A variety of ways can be utilized to optimize the desired properties. For example, when a PEG-b-PLL brush copolymer is used to protect an injured tissue surface from the adhesion of cells approaching from the fluid phase in contact with that tissue surface, the polymeric material can be made more desirable by studies conducted using a tissue culture model, such as cell adhesion to gelatin coated surfaces in tissue culture medium containing 20% serum. Gelatin is coated upon the multiwell dishes using standard tissue culture technique, for example, from a 3% gelatin solution. A 30 minute exposure to medium with 20% serum will lead to the adsorption of fibronectin, a protein leading to cell adhesion, to the gelatin surface. If fibroblasts are seeded on this surface in medium containing 20% serum, rapid adhesion and spreading will occur. A measurement of the fraction of cells adhering (Fa) and fraction of cells spreading (Fs) may be made based on morphological criteria using light microscopy. Such measurements conducted 4 hours following seeding provide useful measures of adhesion and repulsion. A family of PEG-b-PLL polymeric materials are synthesized, e.g., according to the following schedule:
______________________________________ Fraction of lysine residuesMW of PLL MW of PEG grafted with a PEG chain______________________________________1000 1000 1/501000 1000 1/101000 1000 1/510000 1000 1/5010000 1000 1/1010000 1000 1/510000 5000 1/5010000 5000 1/1010000 5000 1/510000 10000 1/5010000 10000 1/1010000 10000 1/520000 5000 1/5010000 5000 1/1020000 5000 1/520000 10000 1/5020000 10000 1/1020000 10000 1/5______________________________________
For each polymeric material composition, Fa and Fb are measured at 4 hours. Polymeric materials with very low ratio of PEG to PLL, such as the polymeric material with 20000 Da PLL, 5000 Da PEG, with 1/50 of the lysine residues grafted with a PEG chain, would be expected to be relatively ineffective in prevention of fibroblast attachment and spreading.
In the case where a brush copolymer which desorbs slowly from tissue is desirable, the same assay system could be used, and polymeric materials could be synthesized with other binding domains, such as in the schedule below:
______________________________________ Fraction of MW of binding residuesBinding domain binding grafted with acomposition domain MW of PEG PEG chain______________________________________Poly L lysine 20000 Da 50000 Da 1/10Poly L histidine 20000 5000 1/10Poly L arginine 20000 5000 1/10Poly L 20000 5000 1/10ornithinePoly 20000 5000 1/10ethyleneiminePoly amino 20000 5000 1/10ethylacrylateChitosan 20000 5000 1/10______________________________________
By varying the specific nature of the charge, in this example used to obtain binding to tissues, the rate of desorption may be adjusted. In the assay system, cells could be seeded once each day on a gelatin surface variously treated, and Fa and Fs measured the 4th hour after seeding. Afterwards, the substrates could be rinsed with medium and stored in tissue culture with medium for examination after the next day. Subsequent measurements over many weeks would permit the rate of loss of cell repulsiveness to be determined for each formulation.
In the situation where an AB block copolymer was to be used to prevent thrombosis and intimal thickening upon an artery surface injured by balloon angioplasty, after initial experimentation as described above to determine a desirable ratio of binding domain to non-binding domain, and a desirable optimal composition of the binding and non-binding domains, animal experimentation could be performed. For example, if the above experimentation yielded good repulsion for 14 days with PLL of degree of polymerization (DP) 30 and a PEG of DP 150, animal experimentation could be performed making small excursions about this formulation, for example by the following schedule:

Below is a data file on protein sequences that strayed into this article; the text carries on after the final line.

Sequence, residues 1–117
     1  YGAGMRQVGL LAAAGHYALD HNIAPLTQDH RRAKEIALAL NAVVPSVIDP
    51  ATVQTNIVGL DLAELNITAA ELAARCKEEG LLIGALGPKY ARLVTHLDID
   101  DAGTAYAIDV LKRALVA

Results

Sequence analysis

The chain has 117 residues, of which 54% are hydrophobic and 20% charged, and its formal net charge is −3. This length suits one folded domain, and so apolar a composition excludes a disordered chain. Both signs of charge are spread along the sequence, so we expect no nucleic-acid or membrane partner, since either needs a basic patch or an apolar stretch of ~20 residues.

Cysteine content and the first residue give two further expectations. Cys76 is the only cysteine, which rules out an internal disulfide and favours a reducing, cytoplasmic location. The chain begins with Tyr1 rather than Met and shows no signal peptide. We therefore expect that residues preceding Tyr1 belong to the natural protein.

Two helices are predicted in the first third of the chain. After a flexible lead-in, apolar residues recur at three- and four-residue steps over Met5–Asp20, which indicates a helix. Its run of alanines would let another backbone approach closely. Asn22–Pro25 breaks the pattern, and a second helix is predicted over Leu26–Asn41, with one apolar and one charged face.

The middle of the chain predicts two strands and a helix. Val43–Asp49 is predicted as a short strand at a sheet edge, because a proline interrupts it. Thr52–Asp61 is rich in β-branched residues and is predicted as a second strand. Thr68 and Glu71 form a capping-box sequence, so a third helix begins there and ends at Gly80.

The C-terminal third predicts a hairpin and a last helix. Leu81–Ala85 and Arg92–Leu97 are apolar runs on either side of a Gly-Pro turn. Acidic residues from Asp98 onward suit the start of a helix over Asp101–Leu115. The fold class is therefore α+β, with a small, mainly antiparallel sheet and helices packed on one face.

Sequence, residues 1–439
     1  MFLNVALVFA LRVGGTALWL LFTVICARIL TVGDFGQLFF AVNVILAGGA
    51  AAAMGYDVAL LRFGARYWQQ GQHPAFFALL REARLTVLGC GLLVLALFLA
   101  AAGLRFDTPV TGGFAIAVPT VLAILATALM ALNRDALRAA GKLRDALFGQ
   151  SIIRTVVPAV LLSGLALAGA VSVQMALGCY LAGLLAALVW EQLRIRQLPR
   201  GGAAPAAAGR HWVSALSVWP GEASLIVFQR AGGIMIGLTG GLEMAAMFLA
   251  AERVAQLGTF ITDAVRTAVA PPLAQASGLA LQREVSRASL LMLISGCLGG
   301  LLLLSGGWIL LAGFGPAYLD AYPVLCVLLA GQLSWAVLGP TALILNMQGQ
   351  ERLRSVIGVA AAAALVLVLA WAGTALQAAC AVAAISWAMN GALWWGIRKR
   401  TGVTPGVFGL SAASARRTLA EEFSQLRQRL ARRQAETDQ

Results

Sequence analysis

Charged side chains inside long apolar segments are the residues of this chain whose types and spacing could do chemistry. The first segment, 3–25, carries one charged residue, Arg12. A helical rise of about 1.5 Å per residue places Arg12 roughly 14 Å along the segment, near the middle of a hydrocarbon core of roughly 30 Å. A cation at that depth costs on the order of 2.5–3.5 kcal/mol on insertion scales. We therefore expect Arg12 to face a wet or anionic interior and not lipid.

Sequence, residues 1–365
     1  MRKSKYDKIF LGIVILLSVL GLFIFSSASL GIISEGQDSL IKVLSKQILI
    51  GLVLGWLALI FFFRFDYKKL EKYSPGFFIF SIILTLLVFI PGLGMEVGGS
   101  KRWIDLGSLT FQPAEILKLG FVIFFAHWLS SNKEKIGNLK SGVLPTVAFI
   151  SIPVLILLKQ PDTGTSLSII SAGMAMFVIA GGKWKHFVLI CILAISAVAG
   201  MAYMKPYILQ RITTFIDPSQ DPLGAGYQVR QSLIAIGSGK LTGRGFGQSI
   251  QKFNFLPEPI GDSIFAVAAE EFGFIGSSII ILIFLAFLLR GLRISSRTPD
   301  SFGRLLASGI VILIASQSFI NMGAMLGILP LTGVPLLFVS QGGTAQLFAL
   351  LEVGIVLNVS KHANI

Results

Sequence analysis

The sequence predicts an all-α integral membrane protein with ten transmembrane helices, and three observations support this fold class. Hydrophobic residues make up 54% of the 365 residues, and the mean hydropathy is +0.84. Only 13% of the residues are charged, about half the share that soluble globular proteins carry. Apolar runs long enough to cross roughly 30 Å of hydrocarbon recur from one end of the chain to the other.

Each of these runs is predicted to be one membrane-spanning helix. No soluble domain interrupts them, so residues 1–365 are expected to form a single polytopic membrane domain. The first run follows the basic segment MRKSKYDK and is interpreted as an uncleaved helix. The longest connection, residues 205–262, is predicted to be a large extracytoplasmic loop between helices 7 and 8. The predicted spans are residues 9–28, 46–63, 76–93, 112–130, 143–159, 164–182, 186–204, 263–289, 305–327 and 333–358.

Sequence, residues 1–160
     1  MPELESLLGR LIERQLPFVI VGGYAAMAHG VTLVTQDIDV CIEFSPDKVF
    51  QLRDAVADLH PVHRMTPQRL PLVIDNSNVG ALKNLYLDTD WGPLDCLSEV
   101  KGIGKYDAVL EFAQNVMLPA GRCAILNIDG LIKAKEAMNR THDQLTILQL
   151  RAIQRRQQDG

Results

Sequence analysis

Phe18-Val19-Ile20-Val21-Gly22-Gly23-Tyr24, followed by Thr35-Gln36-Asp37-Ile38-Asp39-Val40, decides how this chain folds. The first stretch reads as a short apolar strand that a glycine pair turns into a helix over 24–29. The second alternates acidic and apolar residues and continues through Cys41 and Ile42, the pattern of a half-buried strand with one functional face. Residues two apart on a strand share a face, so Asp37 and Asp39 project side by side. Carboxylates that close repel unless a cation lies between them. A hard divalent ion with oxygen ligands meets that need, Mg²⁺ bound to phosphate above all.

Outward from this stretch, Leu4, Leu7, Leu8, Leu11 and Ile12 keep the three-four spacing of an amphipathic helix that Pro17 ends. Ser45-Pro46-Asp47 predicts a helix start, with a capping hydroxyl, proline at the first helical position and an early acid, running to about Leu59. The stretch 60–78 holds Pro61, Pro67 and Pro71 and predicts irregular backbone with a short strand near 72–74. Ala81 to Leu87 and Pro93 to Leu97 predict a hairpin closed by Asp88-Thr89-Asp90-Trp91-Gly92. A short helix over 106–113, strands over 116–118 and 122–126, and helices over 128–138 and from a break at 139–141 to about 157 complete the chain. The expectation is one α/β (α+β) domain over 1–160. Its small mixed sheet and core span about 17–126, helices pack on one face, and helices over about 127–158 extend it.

______________________________________ PLL DP PEG DP______________________________________ 20 100 30 100 40 100 20 150 30 150 40 150 20 200 30 200 40 200______________________________________
Thrombosis could be measured at 24 hours following injury and treatment, and intimal thickening could be measured at 28 days following injury and treatment, using light microscopy with histological staining with Gomori's trichrome staining for the measurement of thrombosis and Verhoeff's staining for the measurement of intimal thickening.
If it were desired to further optimize, for example based on the nature of the binding domain, an optimal formulation from the above schedule could be selected, and the PLL domain could be replaced with poly(L-histidine), poly(L-arginine), poly(L-ornithine), polyethyleneimine, poly(aminoethylacrylate), and chitosan, with guidance from the experimentation in vitro.
If it were desired to further optimize based on the rate of degradation of the binding domain, an optimal formulation from the above schedule could be selected and the poly(L-amino acid) binding domain could be replaced with a poly(D-amino acid) domain of the same amino acid, for example poly(D-lysine) for poly(L-lysine). Each polyamino acid would be expected to exhibit different stability to proteolysis in vivo.
If it were desired to even further optimize based on the rate of degradation of the binding domain, an optimal formulation from the above schedule could be selected and a protease sensitive site could be placed between the binding and the non-binding domains. For example, many cells express proteases on their leading edge as they migrate, such as plasmin, collagenase, or elastase. By appropriate selection of a protease sensitive site it should be possible to design a polymeric material that is sensitive to endothelial migration, permitting the polymeric material to prevent thrombosis, but also permitting the polymeric material to be degraded by endothelial cells repopulating the vessel surface as healing and reendothelialization occurs.